PrimeMed, however, did not execute the modified LMA or provide a further modified version of the LMA. (Id. at ¶¶ 19-20.) As such, ClinMicro never executed the Promissory Note. (Id. at ¶ 20.) Despite the disputes over these documents, the parties proceeded with their relationship and continued conducting business substantially in accordance with the terms of the LMA, the LSA, and the Sublease. (Id. at ¶ 21.)

Pursuant to the terms of the LSA, PrimeMed continued to refer to ClinMicro all laboratory service work as identified in the LSA. (Id. at ¶ 22.) Such work included a substantial number of "Vitamin-D Tests." (Id.) These tests were performed in a distinct and specialized manner by ClinMicro, provided substantial laboratory services and marketability to PrimeMed, and produced substantial profit for both parties. (Id.)

With respect to the laboratory operations provided to PrimeMed by ClinMicro, Salijko served as their laboratory manager. (Id. at ¶ 24.)

In or about June 2011, ClinMicro's main lab management computer went missing from its administrative office. (Id. at ¶ 26.) The computer contained ClinMicro's lab management software, Orchard, which is a pathology information system designed to handle the clinical, molecular, cytology, and pathology testing, reporting and billing functions of ClinMicro. (Id.) The computer was designed to run the Orchard software to analyze, interface with, store, and transmit prescriber data, patient data, cost data, and test data to and from the publisher's host computer. (Id.)

The computer was later learned to have been removed from ClinMicro by Salijko, who had taken the computer to PrimeMed so that certain business data and records could be removed and copied. (Id. at ¶ 27.) Once the computer was returned to ClinMicro, however, its functionality was limited, as business, provider, patient, and e-mail data had all been removed from the computer. (Id. at ¶ 28.) At the time the computer was taken by Salijko to PrimeMed, neither party had authorization to remove or delete any data or information stored on the computer. (Id. at ¶ 29.)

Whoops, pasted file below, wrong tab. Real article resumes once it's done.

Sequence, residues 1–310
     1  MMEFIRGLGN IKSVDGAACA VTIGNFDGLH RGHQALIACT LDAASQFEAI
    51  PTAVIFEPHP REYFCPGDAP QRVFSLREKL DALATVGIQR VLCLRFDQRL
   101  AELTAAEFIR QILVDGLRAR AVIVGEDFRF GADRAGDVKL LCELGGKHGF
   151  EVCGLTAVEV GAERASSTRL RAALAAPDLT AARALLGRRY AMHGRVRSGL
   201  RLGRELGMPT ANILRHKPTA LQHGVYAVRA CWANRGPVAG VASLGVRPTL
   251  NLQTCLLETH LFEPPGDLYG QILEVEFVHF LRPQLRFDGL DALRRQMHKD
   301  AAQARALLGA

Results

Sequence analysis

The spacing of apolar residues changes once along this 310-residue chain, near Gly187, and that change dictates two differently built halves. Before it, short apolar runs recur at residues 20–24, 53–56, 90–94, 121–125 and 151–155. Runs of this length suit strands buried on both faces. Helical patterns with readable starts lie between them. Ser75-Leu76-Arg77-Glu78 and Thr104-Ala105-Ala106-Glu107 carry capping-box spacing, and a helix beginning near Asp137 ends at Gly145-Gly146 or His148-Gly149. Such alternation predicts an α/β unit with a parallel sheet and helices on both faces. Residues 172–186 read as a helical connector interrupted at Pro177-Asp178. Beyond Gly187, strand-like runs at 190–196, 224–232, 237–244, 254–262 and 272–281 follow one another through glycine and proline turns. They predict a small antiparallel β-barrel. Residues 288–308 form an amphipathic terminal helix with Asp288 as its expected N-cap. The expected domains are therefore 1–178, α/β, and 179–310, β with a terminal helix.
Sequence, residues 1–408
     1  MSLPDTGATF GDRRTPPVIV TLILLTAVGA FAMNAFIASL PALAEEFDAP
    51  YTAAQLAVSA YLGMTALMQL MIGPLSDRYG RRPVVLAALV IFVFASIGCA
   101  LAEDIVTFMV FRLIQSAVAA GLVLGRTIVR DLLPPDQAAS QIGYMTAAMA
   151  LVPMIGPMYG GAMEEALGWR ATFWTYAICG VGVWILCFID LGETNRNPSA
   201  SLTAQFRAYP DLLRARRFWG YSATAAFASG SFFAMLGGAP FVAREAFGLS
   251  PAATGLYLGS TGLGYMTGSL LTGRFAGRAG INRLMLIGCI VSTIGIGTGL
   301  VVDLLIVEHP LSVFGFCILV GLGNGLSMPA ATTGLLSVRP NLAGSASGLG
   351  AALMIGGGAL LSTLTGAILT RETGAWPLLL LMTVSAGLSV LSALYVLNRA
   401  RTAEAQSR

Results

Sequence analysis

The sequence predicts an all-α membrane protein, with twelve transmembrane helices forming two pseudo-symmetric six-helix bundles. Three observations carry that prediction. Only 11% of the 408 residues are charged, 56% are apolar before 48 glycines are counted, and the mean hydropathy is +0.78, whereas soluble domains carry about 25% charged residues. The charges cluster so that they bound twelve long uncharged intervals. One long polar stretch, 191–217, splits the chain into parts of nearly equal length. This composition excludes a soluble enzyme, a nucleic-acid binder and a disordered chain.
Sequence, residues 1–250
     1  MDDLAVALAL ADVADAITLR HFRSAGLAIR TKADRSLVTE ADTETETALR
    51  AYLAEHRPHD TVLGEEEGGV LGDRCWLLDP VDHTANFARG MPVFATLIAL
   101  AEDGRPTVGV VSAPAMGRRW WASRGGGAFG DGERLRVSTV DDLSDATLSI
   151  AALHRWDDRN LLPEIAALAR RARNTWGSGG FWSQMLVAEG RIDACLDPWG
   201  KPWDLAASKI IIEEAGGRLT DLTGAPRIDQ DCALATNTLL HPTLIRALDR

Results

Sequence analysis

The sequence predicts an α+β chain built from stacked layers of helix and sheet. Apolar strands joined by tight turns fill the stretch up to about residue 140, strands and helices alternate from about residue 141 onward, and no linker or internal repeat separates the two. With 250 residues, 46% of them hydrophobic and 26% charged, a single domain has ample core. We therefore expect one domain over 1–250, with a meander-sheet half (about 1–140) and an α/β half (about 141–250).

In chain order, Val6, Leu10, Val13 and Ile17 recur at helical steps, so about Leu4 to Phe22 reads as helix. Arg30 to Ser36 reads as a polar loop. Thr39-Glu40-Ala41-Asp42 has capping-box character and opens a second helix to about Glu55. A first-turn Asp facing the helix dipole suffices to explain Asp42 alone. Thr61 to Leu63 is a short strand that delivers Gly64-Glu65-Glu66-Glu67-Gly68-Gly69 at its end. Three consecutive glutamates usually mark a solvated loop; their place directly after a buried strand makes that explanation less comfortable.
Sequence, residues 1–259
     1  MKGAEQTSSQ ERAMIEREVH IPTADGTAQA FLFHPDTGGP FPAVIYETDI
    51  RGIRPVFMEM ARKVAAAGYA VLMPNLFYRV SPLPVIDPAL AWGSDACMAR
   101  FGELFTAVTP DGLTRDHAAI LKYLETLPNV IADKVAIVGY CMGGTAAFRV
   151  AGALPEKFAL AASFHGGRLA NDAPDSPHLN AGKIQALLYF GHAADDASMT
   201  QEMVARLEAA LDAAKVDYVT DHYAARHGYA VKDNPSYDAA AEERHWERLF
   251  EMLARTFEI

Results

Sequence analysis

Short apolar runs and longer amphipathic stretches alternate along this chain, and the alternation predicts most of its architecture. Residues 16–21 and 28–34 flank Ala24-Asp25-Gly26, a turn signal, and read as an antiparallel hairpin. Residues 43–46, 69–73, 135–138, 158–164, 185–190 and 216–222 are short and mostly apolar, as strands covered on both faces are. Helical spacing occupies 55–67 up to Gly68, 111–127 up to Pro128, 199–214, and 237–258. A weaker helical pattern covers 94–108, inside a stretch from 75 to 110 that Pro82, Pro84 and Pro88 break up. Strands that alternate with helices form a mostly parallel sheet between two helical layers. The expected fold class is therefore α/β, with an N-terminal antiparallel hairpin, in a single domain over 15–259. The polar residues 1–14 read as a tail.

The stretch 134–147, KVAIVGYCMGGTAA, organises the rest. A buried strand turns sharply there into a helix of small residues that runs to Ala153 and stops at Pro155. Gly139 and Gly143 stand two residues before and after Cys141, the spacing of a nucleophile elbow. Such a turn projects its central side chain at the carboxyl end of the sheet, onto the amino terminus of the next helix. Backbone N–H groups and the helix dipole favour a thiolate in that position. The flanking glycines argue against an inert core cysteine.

Thereafter, on or about June 13, 2011, PrimeMed sought to conclude certain aspects of the parties relationship. (Id. at ¶ 31.) In particular, PrimeMed sought to immediately terminate the LMA despite a provision in the agreement requiring at least ninety (90) days notice of intent to terminate prior to the expiration of the existing contractual term. (Id.)

Two days later, on June 15, 2011, Solijko resigned her position with ClinMicro and accepted an offer of employment with PrimeMed in substantially the same capacity as her employment with ClinMicro. (Id. at ¶ 33) In addition to Salijko, eight (8) other ClinMicro employees were lured to work for PrimeMed in or about June 2011. (Id. at ¶ 34.) PrimeMed's solicitation of ClinMicro's employees occurred despite a restriction against such conduct in the LMA. (Id. at ¶ 35.) And, after luring these employees from ClinMicro, PrimeMed ceased referring Vitamin-D Tests to ClinMicro, and instead began subcontracting those tests to an unrelated third-party. (Id. at ¶ 36.) PrimeMed also ceased reimbursing ClinMicro for the removal of laboratory waste at that time. (Id. at ¶ 37.)

As a result of these events, ClinMicro commenced this action against PrimeMed and Salijko on November 29, 2011, asserting a federal law claim against Defendants for violation of the Computer Fraud and Abuse Act, 18 U.S.C. §§ 1030, et seq., and a number of supplemental state law claims. (Doc. 1.) PrimeMed subsequently sought dismissal of a number of the state law claims in January 2012. (Doc. 10.)

On July 23, 2012, PrimeMed and Salijko's motion to dismiss was granted in part and denied in part. (Docs. 25; 26.) In particular, the motion to dismiss was granted with respect to the fraudulent inducement and the duty of good faith and fair dealing claims, and the claims were dismissed with prejudice. The motion to dismiss the tortious interference with contracts claims was also granted, and the claims were dismissed without prejudice. PrimeMed's motion to dismiss was denied in all other respects.